The last graduation was in 1966. my sister Charlene Masseau graduated that year. It was a sad graduating class, and more like a funeral than a graduation day. It was the end of an era. Families moved away, children left, only a handful of people are left to this day. There were Paradis, Lord, Peron, Masseau, Brownrigg, McTaggart, Maybee, Auclair, to name a few. Many are no longer with us. It is something that binds us together when we meet. For these were the golden years of our lifetime.
    The next year was Expo year 1967. the school was used as a hotel for those going to Expo. Then, in 1968, the 22nd of December is etched in my memory forever. It was about 11:00 AM on a sunday morning, I was in the kitchen preparing dinner, when a frantic call came from my friend Peo, who lived on the property, saying "there's smoke coming from Feller". I looked towards the school, as I only lived three houses from the church, and saw smoke going skyward. I dropped everything and ran down the road to the school. Everyone watched far into the evening as this beautiful building, which had stood for many years, guiding the paths of many people, go up in flames. A community's way of life was ending. We were all in shock. To this day, I can remember every detail of that day. Later the whole building was to be torn down.  My brother Teddy had the task of removing every stone, until nothing remained, only a slab of concrete where once stood the chapel.
    My brother George (jug) still runs the garage my father built so long ago. I could probably write a book on Feller. there is so much to tell. My husband George, along with his mother and grandmother are buried in the cemetery behind Massey Hall. Someday I will join him. George always loved Grande Ligne as a youth. He would run away from home in Montreal and find his way to his Grandfather's house in Grande ligne or his best friend, Ben Lord. We both knew the early life of this historical setting. It was his first love, no matter what part of the country he was in. It was loved by one and all. Many people come back to see what is left of this once great institution. Even some of the German people who were in detention camp. To those who passed through the doors of this great school, I say we were all privileged. Now, only the ghosts of the past remain.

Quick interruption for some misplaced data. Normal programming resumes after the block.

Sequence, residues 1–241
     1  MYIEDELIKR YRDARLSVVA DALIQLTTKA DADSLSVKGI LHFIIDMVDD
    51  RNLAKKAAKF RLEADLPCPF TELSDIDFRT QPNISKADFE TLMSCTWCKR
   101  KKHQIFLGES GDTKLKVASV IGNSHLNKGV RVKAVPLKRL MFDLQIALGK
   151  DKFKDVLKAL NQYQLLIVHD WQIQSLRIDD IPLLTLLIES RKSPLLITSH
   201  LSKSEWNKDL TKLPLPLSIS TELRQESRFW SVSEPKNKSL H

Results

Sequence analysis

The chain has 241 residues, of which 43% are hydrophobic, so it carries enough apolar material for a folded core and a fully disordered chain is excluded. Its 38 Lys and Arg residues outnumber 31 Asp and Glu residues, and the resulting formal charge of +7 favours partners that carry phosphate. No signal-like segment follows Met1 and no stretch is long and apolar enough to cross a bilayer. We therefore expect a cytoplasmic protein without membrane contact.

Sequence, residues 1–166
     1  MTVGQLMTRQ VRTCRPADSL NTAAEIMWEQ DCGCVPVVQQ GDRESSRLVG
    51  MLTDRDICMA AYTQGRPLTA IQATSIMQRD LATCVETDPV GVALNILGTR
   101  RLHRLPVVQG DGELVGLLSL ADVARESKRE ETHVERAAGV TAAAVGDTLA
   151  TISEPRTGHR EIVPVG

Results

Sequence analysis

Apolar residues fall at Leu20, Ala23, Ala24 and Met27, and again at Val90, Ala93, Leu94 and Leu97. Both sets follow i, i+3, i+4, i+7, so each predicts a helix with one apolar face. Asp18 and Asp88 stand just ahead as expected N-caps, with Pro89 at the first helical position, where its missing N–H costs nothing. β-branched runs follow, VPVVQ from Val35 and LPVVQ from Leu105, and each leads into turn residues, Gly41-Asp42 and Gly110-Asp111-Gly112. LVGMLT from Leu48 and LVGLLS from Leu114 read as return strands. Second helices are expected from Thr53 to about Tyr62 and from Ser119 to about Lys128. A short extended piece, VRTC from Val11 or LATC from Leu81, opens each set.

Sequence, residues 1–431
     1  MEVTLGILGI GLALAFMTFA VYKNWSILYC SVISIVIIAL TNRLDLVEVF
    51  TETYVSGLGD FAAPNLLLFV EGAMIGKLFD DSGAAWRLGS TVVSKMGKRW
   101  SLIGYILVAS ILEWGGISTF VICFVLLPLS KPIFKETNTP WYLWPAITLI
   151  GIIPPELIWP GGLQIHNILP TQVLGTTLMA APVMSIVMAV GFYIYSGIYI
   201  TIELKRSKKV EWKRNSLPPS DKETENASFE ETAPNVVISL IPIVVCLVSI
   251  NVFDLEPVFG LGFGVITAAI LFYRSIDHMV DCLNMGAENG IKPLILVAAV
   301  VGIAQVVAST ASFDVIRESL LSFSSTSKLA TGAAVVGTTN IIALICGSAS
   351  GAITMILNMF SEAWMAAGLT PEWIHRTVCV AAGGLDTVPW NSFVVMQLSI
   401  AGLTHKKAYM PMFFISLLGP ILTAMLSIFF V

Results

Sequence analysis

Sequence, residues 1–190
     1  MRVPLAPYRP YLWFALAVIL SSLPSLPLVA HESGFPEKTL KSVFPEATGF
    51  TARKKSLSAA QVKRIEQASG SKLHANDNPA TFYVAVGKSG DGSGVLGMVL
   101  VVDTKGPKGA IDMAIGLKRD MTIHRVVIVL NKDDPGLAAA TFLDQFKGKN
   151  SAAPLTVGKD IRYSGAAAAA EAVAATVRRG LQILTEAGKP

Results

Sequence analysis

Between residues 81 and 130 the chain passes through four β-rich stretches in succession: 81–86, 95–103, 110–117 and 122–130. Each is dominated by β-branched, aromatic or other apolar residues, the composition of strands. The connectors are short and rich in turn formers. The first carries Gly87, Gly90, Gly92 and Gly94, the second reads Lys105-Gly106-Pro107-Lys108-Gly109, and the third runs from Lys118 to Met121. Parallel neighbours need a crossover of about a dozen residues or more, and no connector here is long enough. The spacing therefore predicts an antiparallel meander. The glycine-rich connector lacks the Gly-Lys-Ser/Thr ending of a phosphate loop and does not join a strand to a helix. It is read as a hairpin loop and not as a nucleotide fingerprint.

The reason I am telling you folks about the history of Feller is because I have a friend Janet Clough, who graduated from Feller in 1965. She and I are very interested in locating other students who went to Feller. There has never been a reunion of any kind. Very possibly, through "The Dialogue", which is distributed in all parts of Canada, we can reach students who attended Feller.

    So Janet will start with a list of people she lost contact with many years ago. Maiden names:

Write to Janet Clough, 333 Champlain Ave. Phillipsburg, Box 231, Que. J0J 1N0; or to Frances Masseau Tyler, 1330 Middle Road, Clarenceville, Quebec, J0J 1B0. Please send a self addressed envelope, as we might hear from many students, hopefully. I will put your name in The Dialogue, hoping we can find more students. Thank you,
    Frances Masseau Tyler
    Clarenceville, Quebec."